A very good friend of mine, JD, recommended and gave me this book because it’s always reassuring to read things like this when you’re at a liminal moment in your life.  It’s written by a Canadian Buddhist “nun” and contains many insightful thoughts on dealing with fear, uncertainty, suffering, and compassion, among other things.    It’s interesting reading this at the same time as Hawking’s book because of some overlap.

Here is the bibliographic reference for the book: 

Chodron, Pema.  When Things Fall Apart: Heart Advice for Difficult Times.  Boston: Shambhala, 2005.

Here are some of Chodron’s insights, which I feel are most applicable:

  • SUFFERING is an inevitable part of life if we keep on believing that life is everlasting; therefore, if we give up the idea that things don’t eventually “disintegrate” or die-for-good, then we reduce or eliminate our suffering (11).  In other words, we suffer because we assume things can and should be better (tomorrow, in the afterlife, etc.). She later discusses our fear of death and I will get to that a little later.
  • She advises us to relax in the midst of chaos and UNCERTAINTY(13).  This is ironic because of the other book I’m reading (Hawking) and its discussion of the Heisenberg Uncertainty Principle.  What I take from this connection is that uncertainty is in everything and we must embrace it and be satisfied with it.
  • We should seek to lose our “EGO” by seeking neither to INDULGE or REPRESS; therefore, if we remove that “ego-balance” from between the Id and the Superego, neither will exist and all will be in balance naturally (18).
  • By seeking a state of ego-lessness, we allow all of our thoughts to arise and simply go away without indulging or repressing them (19).  This is a common theme in the book:  to embrace your thoughts (and fears) and meet them head-on, then let them melt away and not bother you.  But the main thing is to face your fears, your obsessions, your addictions, etc.
  • She talks about MEDITATION and how difficult it can be to truly clear your mind.  A way to face this dilemma is to literally  label your mid-meditation thoughts as “thinking” when they come into your mind, and then once you’ve acknowledged those thoughts, let them go and return to an empty mind (27).  In other words, acknowledge the thoughts, let them go, and relax.
  • COMPASSION is the root of Buddhist philosophy.  Chodron writes a lot about praticing GENTLENESS & LETTING GO (32).
  • ENLIGHTENMENT is attaining a wakeful state of no more DELUSION(35).
  • Chodron advises to PAY ATTENTION to life more (37).
  • MINDFULNESS is “a sense of clear seeing with respect and compassion for what it is we see” (39).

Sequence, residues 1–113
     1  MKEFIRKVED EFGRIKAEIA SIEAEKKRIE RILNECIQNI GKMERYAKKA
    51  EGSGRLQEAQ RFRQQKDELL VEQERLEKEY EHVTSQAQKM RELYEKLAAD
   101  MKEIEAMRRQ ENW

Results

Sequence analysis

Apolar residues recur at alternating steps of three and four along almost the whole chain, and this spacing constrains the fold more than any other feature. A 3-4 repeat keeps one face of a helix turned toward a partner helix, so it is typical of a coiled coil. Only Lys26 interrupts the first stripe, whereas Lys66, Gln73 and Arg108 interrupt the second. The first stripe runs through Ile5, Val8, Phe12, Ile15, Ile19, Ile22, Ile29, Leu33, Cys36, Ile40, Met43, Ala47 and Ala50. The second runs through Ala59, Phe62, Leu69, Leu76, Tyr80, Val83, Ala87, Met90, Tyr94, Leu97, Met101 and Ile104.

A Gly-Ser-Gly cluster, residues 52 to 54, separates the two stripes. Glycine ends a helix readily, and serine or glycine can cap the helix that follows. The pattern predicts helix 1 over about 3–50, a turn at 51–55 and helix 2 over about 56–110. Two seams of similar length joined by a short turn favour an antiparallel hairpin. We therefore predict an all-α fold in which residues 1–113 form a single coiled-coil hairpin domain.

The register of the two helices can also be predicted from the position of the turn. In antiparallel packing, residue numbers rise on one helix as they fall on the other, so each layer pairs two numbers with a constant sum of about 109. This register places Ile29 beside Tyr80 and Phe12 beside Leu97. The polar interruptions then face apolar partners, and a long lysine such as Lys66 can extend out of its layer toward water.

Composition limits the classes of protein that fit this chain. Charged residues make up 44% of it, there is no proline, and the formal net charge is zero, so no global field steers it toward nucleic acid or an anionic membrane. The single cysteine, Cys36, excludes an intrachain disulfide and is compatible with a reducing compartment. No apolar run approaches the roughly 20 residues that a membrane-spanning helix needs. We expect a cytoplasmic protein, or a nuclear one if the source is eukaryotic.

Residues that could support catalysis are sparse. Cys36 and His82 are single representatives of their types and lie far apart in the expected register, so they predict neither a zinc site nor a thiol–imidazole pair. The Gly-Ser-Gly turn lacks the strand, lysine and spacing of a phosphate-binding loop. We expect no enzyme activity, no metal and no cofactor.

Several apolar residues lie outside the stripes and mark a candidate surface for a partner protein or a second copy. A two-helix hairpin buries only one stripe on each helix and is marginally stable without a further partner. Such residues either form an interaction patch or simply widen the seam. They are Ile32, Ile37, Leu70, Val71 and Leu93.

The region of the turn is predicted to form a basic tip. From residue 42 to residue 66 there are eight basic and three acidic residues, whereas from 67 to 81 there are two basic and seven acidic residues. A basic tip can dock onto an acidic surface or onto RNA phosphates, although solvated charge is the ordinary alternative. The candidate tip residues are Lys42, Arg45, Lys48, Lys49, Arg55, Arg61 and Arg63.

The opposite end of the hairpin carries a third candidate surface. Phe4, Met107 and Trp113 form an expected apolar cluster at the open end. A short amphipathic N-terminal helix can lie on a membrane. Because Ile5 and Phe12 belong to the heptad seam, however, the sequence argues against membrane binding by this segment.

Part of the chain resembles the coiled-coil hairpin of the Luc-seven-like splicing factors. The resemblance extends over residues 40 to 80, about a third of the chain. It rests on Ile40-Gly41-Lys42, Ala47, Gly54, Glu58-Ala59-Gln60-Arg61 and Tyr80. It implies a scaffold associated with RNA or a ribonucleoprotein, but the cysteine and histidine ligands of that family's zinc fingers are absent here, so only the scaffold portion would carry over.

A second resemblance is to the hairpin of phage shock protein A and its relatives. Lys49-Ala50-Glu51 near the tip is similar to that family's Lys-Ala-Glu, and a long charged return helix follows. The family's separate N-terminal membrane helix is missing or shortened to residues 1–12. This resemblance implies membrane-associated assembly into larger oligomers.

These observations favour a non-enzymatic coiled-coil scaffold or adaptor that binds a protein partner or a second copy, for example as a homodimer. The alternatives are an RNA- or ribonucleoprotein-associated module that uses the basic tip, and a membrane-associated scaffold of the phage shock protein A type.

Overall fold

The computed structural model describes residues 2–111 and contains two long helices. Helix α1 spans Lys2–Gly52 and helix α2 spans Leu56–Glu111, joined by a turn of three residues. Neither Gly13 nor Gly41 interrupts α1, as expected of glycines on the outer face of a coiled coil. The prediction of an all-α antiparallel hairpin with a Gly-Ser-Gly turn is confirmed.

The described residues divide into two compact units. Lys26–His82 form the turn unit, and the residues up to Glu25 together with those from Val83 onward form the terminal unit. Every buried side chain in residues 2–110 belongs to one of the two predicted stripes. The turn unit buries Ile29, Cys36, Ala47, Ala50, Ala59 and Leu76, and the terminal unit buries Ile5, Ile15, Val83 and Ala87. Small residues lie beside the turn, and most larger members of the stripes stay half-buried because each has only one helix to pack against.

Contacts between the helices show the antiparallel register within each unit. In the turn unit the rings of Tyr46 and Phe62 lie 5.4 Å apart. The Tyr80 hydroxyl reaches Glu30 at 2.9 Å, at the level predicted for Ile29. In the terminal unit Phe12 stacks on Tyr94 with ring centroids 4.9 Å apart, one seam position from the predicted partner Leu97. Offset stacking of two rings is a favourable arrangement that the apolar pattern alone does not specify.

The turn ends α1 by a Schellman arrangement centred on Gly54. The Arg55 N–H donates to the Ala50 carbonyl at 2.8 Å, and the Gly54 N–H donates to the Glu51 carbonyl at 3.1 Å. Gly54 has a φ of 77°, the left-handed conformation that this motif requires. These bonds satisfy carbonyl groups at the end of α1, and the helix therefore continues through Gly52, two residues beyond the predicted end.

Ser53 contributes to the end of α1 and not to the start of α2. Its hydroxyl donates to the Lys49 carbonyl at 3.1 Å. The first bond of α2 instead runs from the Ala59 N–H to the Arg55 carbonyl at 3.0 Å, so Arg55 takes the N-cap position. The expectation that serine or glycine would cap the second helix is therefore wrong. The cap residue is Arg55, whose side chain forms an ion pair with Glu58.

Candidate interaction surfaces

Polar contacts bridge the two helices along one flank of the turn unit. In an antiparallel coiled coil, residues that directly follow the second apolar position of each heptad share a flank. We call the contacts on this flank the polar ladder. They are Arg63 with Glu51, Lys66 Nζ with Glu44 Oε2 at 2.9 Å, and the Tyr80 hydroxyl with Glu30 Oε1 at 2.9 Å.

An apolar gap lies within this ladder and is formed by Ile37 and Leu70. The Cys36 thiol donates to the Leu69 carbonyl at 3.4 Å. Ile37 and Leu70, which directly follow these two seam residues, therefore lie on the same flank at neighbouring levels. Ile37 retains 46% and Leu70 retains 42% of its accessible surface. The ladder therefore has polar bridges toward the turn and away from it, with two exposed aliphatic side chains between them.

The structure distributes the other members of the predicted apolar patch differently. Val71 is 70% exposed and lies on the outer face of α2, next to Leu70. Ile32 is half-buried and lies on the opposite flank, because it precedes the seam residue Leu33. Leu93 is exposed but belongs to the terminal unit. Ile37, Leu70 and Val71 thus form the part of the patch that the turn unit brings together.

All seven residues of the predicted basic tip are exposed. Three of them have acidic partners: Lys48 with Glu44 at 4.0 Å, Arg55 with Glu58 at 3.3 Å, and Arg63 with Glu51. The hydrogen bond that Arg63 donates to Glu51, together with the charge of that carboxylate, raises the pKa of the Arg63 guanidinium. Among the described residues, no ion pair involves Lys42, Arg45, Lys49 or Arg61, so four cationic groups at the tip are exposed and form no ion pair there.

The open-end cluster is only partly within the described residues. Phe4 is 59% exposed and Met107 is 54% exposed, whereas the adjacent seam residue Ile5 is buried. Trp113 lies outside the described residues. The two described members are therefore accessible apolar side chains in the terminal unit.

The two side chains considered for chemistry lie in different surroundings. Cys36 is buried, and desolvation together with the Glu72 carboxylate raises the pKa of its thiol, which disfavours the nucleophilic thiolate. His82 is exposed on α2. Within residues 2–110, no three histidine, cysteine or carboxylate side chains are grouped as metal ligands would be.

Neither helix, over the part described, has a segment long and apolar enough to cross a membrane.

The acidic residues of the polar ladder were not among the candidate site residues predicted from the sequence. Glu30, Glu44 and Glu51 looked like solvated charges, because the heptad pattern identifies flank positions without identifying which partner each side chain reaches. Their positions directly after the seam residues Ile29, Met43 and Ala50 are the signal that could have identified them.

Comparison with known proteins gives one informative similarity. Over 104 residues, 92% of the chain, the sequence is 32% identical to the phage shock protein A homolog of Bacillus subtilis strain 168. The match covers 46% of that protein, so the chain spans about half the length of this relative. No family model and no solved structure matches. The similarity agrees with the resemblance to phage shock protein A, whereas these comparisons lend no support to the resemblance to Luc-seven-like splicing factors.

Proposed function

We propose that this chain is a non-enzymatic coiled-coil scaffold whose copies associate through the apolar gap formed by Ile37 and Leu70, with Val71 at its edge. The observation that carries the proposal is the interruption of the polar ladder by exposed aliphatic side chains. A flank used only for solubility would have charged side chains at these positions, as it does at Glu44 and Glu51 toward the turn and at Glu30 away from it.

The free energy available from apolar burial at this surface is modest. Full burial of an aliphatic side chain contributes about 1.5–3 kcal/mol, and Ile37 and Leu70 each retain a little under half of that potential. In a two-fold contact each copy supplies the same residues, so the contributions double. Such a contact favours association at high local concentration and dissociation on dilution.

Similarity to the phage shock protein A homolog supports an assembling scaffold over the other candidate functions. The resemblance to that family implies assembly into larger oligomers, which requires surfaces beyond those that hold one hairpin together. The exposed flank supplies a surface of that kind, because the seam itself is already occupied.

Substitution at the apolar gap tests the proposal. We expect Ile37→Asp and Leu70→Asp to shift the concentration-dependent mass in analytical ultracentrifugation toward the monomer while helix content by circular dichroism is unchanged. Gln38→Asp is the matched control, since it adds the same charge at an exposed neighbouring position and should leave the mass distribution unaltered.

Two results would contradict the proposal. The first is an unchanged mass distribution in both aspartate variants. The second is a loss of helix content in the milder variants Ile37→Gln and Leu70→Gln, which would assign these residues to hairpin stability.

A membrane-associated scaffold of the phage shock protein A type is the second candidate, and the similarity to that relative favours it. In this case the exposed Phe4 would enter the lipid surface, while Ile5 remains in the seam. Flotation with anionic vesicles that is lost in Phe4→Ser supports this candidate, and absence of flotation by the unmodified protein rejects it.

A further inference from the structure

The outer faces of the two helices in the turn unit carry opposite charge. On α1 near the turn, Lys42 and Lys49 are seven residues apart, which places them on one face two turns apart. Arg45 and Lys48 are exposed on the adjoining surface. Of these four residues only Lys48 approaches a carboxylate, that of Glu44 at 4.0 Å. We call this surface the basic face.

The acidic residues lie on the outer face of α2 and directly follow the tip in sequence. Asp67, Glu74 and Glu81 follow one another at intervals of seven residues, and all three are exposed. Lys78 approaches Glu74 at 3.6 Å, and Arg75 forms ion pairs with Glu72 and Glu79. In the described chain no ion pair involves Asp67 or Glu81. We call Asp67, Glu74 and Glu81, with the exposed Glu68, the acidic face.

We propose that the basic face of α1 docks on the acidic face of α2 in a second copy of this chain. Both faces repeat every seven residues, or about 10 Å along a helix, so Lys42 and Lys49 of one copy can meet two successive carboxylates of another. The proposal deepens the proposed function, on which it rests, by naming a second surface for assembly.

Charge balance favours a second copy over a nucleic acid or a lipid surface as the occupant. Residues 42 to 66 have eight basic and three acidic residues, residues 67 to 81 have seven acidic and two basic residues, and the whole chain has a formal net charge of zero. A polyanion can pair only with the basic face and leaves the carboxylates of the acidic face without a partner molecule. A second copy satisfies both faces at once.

• REFRAINING is an important concept that she reviews.  She says: “Mindfulness is the ground; refraining is the path” (39). 
  • We avoid things out of fear.  We tend to want to “[fill] up space just because there’s a gap” (40).  In other words, we can’t sit alone with ourselves because perhaps we’re afraid of what thoughts will pop into our minds so we try to fill the spaces of our lives in order to avoid GROUNDLESSNESS.
  • Chodron says we FEAR GROUNDLESSNESS (41).   But we have to face that fear head-on and be okay with the groundlessness.  The method to do this is to REFRAIN from reacting to the fear and restlessness (41).
  • Pausing helps us connect with fundamental RESTLESSNESS and SPACIOUSNESS (42).  I think this is especially important in regard to our desire to seek an answer to our questions about the universe (c.f. Hawking).
  • Chodron wants us to respect the jitters, and learn to pause and not be impulsive or react negatively; therefore move toward less compulsiveness (42-43). In other words, face things head-on without fear of being groundless. 
  • This reminds me of another book (recommended by JD), Ethics for the New Millennium, in which one of the major points the Dalai Lama focuses on is the importance of PRACTICING to be more compassionate.  It’s not about reacting perfectly every time, but rather practicing reacting more compassionately, and eventually you won’t have to “fake it til you  make it.” 
  • Ultimately Chodron wants us to refrain from reacting (emotional chain reactions or anxiety) and therefore become more clear (44-45).
  • HOPELESSNESS is a necessity.  We must give up HOPE in order to relax about where and who we are (46).  We must give up HOPE that the world is to blame for our own situation and that thinking that way brings us satisfaction (47).